word to express emotion. It also enables us to use our voices in new ways, and to
understand how the character may be feeling. This is also an opportunity to be silly and
One of the CRC leaders will have one or two of the following vowel-heavy phrases
written up on a whiteboard or notepad. For example, in ​Romeo & Juliet:
“I am a-weary, give me leave a while.
Fie, how my bones ache. What a jaunce have I!”
“O, look! Methinks I see my cousin’s ghost
Seeking out Romeo that did spit his body
Upon a rapier’s point. Stay, Tybalt, stay!”
First, we label all the important vowel sounds in the text. For example, in the first phrase:
w​ea​ry, m​e​, l​ea​ve, f​ie​, h​ow​, m​y, ​b​o​nes, ​a​che, j​au​nce, ​I
We take each word one at a time, stretching the vowel out to its biggest, longest, most
expressive version. When you really explore the sound “ee” in “weary”, “me”, and
“leave”, how does that sound make you feel? Where does that sound live? In your face,
chest, belly, knees? How does it make you want to move?
After we explore the vowels of a piece of text, we move on to phrases that are really
driven by consonants.
“Part, fools, put up your swords, you
know not what you do”
Lord Capulet:
“Mistress minion you,
Thank me no thankings nor proud me no prouds,
But fettle your fine joints ‘gainst Thursday next”
Again, we label all the important consonant sounds. For example, in the second phrase:
m​istre​ss​, ​m​inion, ​th​ank, ​th​anking, ​pr​oud, ​pr​ouds, ​f​ettle, ​f​ine, ​j​oints, ‘​g​ainst, ​n​ext
In this case, this phrase has quite a few repeating consonant sounds. What do the sounds
themselves, along with the repetition, tell you about how this character may be feeling?
What does it tell you about how you should deliver it? Try punching or kicking with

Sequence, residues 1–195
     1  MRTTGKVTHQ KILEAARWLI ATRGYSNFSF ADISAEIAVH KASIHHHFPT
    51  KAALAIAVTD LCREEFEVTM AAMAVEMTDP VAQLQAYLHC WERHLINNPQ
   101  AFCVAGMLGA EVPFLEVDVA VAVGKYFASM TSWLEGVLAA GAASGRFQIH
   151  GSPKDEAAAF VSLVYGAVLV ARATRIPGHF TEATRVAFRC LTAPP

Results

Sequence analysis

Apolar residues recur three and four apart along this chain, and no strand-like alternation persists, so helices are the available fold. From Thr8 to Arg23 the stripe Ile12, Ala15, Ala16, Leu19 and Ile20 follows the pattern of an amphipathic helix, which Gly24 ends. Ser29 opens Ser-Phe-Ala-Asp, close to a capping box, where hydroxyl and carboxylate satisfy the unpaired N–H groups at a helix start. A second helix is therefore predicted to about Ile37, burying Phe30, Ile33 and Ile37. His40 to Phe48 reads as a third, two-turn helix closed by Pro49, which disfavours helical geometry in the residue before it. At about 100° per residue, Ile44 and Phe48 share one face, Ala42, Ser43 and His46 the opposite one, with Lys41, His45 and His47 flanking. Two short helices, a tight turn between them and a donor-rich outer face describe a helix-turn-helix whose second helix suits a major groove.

every vowel sound. How does that feel? How does this feel different than when we
focused on consonants?
We ask the students to compare the experience of exploring vowels to exploring
consonants. What is it like to say a speech filled with long vowel sounds and what is it
like to say a piece of text that is consonant heavy? Did you enjoy one more? What are the
differences between the two pieces of text?
And finally, we’ll take a phrase that beautifully incorporates strong vowel and consonant
sounds to display a character’s inner turmoil:
“And ​pl​uck the m​a​ngled ​T​ybalt from his shr​ou​d,
And, in this ​ra​ge, with some ​grea​t ​k​insman’s b​o​ne
As with a ​cl​ub ​da​sh out my ​d​esp’rate ​brai​ns?”
Juliet is about to drink a potion, and she has no idea how things will work out. She is
terrified at the potential results, but absolutely determined to do it regardless. The pull
between her fear and her determination is beautifully expressed through the consonant
and vowel sounds.
TRYING IT ON​: The final section of this workshop has three options, depending on the
needs and interests of the school, and the length of the workshop.
Option A​ (25 minutes) Performing Speeches - At this point, we break up into smaller
groups of five students each, with one or two CRC members as their leader. Each group
leader has a bag with a number of short speeches or passages of text (about six lines), and
each student takes one. The students are then given about 15 minutes to work on their
text, with the company members there to coach them. Students are then offered the
opportunity to share their speech with the other members of their group. This is a chance
to take the risk of performing in a small, safe environment.
Option B ​(40 minutes): Writing Speeches - This also involves breaking up into smaller
groups with one or two company members leading each group (depending on the size).
Students are given 20 minutes to write eight to ten lines of text in iambic pentameter
about a topic of their choice, with the help of the CRC leaders. We urge them to write
about something they really care about (even if the topic is football or Justin Bieber), and
to use what they learned about speech pattern, vowels, and consonants towards writing an
impassioned speech. The students are then encouraged to share their piece with the
WRAP UP ​(5 to 10 minutes): Once we have finished up our activities for the day, we
return to our large group and students are given the opportunity to give feedback on the
experience. What did they learn? What parts did they most enjoy? What parts did they
least enjoy? Have they made any discoveries about Shakespeare and how they think
about it? We end with a big thank you, and ask all the students to give themselves a
round of applause!